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Bringing a product homepage to life


This post was written by Paul Spencer


If you missed it, a few months ago we at Humaan released a social aggregation platform called Waaffle.

The marketing site features an animation sequence which is bound to the natural scrolling of the page. Because this animation received an overwhelmingly positive response we thought we’d break down a portion of this sequence and explain how it was accomplished. Unfortunately we can’t break down the entire sequence as that would make for an exceptionally long blog post and nobody wants that (tldr).

For this tutorial we’ll create a stripped back, simplified version of the office scene which appears in the bottom portion of the Waaffle homepage.

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By Paul Spencer on 12 September 2016 No Comments

Getting more from social media


This post was written by Humaan

Waaffle logo

Last week, we launched our latest project: Waaffle – a platform that aggregates social media posts for, well… lots of things.

We wanted to make it easy for people to keep an eye on what’s happening in the social sphere, gauge how well their marketing efforts perform, and re-share content from multiple social media platforms on their website or app.

With Waaffle, you can:

  • run social media competitions and campaigns,
  • add public displays to your live event,
  • re-publish content to your website or app,
  • follow popular hashtags and their conversations,
  • watch for memes and picture trends,
  • monitor audience and competitor activity,
  • and more!

It’s simple – create a campaign and add feeds to follow hashtags and accounts across selected social media websites. Waaffle collects the relevant posts, offers insights on key metrics, and provides simple publishing tools for sharing your campaign with the world.

Learn more about Waaffle’s great features or check out the website at:

By Humaan on 25 July 2016 No Comments

Our website launch checklist


This post was written by Jay Hollywood

Website Checklist

While possibly the least glamorous part of launching a website, quality assurance is key to the success of any digital project. One of the most useful tools in our QA toolkit is our trusty website checklist, which we use at several stages of a project, covering everything from content and rendering to optimisation and security.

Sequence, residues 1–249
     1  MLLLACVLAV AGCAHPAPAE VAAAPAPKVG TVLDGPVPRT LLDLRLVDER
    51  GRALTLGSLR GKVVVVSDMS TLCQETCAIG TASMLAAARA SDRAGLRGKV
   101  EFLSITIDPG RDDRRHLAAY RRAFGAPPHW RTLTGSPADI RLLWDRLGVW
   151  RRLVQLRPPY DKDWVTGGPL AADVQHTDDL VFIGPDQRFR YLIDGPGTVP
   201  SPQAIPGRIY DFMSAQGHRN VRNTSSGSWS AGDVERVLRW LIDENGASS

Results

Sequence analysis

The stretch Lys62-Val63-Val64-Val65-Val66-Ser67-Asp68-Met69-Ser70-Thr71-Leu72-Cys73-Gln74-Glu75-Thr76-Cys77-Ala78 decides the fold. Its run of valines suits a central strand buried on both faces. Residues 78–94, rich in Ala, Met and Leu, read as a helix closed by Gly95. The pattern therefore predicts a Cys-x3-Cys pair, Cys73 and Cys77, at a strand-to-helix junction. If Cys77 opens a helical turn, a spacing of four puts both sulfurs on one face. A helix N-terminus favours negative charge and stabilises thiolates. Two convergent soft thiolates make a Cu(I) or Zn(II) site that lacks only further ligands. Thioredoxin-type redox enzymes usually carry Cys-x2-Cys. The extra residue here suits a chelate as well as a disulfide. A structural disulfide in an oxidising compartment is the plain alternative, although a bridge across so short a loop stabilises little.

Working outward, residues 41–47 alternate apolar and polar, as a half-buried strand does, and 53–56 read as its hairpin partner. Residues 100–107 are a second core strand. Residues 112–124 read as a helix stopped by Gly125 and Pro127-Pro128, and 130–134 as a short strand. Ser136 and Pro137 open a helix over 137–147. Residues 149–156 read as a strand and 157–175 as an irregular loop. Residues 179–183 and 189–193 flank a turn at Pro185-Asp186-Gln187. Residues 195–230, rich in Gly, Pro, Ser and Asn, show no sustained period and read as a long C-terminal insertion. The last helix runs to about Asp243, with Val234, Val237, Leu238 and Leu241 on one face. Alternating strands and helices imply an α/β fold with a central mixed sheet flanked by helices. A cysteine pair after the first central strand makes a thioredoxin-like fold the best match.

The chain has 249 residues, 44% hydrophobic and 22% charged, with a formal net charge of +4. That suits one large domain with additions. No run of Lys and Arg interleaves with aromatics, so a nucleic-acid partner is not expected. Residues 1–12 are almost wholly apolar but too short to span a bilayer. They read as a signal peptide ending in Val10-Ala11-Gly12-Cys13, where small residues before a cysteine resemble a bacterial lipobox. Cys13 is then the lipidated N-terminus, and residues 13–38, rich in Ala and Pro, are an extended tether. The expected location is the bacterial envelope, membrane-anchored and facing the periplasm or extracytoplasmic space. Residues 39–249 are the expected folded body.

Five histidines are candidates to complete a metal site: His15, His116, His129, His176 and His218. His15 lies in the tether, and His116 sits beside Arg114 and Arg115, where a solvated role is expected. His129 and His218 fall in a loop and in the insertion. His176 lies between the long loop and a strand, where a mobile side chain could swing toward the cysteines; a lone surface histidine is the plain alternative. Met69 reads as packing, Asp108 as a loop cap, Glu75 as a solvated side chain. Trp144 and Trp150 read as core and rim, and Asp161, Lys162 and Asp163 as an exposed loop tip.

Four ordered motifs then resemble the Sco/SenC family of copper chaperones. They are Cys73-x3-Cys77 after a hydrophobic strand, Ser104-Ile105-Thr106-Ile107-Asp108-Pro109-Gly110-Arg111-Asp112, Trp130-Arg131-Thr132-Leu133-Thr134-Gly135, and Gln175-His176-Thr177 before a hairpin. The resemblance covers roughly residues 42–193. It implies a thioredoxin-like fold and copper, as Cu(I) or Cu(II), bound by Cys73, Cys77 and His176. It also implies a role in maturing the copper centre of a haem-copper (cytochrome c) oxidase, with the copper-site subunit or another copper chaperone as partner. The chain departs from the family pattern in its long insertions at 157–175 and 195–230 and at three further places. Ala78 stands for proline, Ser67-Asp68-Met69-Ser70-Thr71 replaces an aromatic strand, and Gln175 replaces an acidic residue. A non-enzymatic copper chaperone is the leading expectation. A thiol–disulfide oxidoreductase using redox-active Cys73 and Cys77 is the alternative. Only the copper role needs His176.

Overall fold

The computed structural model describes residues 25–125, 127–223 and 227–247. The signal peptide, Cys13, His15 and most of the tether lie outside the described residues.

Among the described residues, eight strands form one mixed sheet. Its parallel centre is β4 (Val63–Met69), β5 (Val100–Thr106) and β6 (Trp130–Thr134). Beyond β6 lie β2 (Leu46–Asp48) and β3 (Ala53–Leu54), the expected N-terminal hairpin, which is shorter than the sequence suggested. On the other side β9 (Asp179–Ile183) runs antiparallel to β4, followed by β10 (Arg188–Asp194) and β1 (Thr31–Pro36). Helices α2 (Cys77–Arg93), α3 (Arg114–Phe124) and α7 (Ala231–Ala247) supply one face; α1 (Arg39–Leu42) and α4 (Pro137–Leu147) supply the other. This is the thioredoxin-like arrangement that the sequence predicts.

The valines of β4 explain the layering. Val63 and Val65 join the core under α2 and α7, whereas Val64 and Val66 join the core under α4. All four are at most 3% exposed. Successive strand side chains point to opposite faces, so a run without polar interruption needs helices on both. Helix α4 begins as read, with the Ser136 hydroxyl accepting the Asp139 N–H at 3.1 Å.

Lately, we’ve discussed our process at a few presentations here in Perth. This checklist has been so useful for us, and our fellow web creatives seem to like it too. So we thought we’d share it with the wider community to help everyone continue making the web better.

Feel free to use, adapt and repurpose this for your own needs. We’ve intentionally kept it generic so it can be used in a wider range of projects – but you may need to add to it if you’re working on something special.

Happy launching!

Like this post? You should follow Humaan on Twitter

By Jay Hollywood on 11 July 2016 1 Comment

Anatomy of a Successful Web Project


This post was written by Mark Gale


All successful web projects have one thing in common: a genuine collaboration between agency and client.

Sure, great design and development are a necessity, but these should be a first principle for any professional agency. It is the fit between the client and the agency that underpins a truly unique outcome that exceeds all expectations.

Over the years, we’ve worked with a variety of clients on a broad range of projects. With quality design and build as par for the course, here are the ingredients we’ve found that are common to fruitful collaboration.

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By Mark Gale on 4 July 2016 No Comments